LEWISTON – Spring chinook managers and anglers find themselves in a familiar position, wondering if the meager counts of fish passing Bonneville Dam on the Columbia River signal a late run, a lower-than-expected return or perhaps both.
Through Tuesday, just 267 adult spring chinook had passed the dam, compared to a 10-year average of more than 6,500.
Despite the uncertainty, fisheries managers in Oregon and Washington voted to reopen sport angling below Bonneville Dam during a two-day season that starts Saturday. The states project anglers could catch nearly 500 springers bound for tributaries above Bonneville over the weekend, which would bring the season total for the below-Bonneville recreational harvest of upriver spring chinook to about 1,800. That would represent about 50 percent of Oregon and Washington’s lower Columbia quota of 3,689.
The quota, referred to as upriver mortalities, is based on the number of hatchery chinook bound for tributaries above Bonneville that anglers catch and keep and a small percentage of the wild chinook they catch and release that may perish from the experience.
The quota includes a 30 percent buffer to guard against overfishing if the run comes in lower that forecast. But in years when the run is showing signs of being lower than projected, the move to reopen fishing in the lower Columbia makes fisheries managers and anglers far upriver in places like Idaho anxious.
“It’s a little disconcerting to folks upriver,” said Alan Byrne of the Idaho Department of Fish and Game at Boise. “The thing that is scary to me is we have been overforecasting the chinook run the last couple of years.”
Bill Tweit of the Washington Department of Fish and Wildlife at Olympia said this year’s run is mimicking the 2018 run that came in below forecast. But Tweit said there are good reasons to conclude this year’s run may be late.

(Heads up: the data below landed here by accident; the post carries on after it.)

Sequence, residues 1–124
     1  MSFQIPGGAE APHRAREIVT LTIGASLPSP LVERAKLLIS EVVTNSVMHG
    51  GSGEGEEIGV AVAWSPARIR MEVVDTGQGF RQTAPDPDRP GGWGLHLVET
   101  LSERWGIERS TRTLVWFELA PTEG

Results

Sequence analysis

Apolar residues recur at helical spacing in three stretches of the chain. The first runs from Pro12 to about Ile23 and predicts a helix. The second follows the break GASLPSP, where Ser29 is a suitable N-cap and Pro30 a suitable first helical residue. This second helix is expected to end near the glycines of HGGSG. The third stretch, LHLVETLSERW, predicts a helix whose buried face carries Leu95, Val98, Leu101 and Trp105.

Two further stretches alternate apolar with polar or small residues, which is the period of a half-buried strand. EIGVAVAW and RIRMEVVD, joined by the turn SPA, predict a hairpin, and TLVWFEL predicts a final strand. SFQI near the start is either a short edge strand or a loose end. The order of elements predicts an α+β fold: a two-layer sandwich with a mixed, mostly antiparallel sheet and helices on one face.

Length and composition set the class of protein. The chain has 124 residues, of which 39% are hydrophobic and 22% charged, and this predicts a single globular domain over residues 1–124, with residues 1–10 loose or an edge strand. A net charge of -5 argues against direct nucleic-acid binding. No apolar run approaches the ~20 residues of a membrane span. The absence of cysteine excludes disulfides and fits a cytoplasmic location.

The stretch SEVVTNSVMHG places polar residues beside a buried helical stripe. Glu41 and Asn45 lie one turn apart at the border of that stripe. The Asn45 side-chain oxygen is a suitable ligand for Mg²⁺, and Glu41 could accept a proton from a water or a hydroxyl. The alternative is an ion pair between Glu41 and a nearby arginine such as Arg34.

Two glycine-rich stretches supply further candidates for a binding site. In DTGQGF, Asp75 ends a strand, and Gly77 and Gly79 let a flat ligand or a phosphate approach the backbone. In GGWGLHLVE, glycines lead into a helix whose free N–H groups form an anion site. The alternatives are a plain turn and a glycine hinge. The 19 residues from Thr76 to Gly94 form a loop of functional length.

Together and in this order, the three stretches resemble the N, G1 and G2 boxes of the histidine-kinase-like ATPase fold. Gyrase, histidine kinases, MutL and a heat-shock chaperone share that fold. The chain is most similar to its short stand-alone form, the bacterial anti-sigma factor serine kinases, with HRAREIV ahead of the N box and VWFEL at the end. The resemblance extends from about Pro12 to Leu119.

“High water, cold temperatures and dirty water – there are a lot of factors that would make sense that they are late,” he said.
Prior to the move to reopen fishing below Bonneville Dam, Tweit said Washington was leaning toward advocating for holding off on more lower Columbia fishing.
“Our perspective before we have any additional fishing is we need to see some more signs of life in the run,” he said Monday. “The forecast could be right, but it could just as easily be wrong.”
That changed, he said, when fisheries managers determined anglers had accounted for just 37 percent of the buffered quota. An earlier projection indicated anglers in the lower Columbia may have already accounted for 45 percent of the quota.
Washington and Oregon base their lower Columbia River fisheries on the preseason forecast. With no dams on the lower Columbia, fisheries managers don’t have the ability to know if the run is lower than forecast prior to opening fishing. The states allowed anglers to fish for chinook in the lower Columbia from March 1 to April 10. With anglers catching few fish during that time, they opted to reopen the season on April 13 and 14. But that short window coincided with flooding that dirtied the water and made fishing difficult.
Tweit said fisheries managers in the lower Columbia are trying to balance their management of fishing to ensure anglers in the lower Columbia River harvest their share of the run without catching too many wild fish or curtailing the ability of anglers in places like Idaho and eastern Washington from being able to harvest their share of the run. Oregon and Washington had proposed a Friday-through-Sunday season below Bonneville Dam. Tweit successfully advocated for just two days.
Idaho is set to open spring chinook fishing on portions of the Clearwater and Salmon rivers on Saturday. Washington expects to open a short season on the lower Snake River but has not yet announce when that will be.
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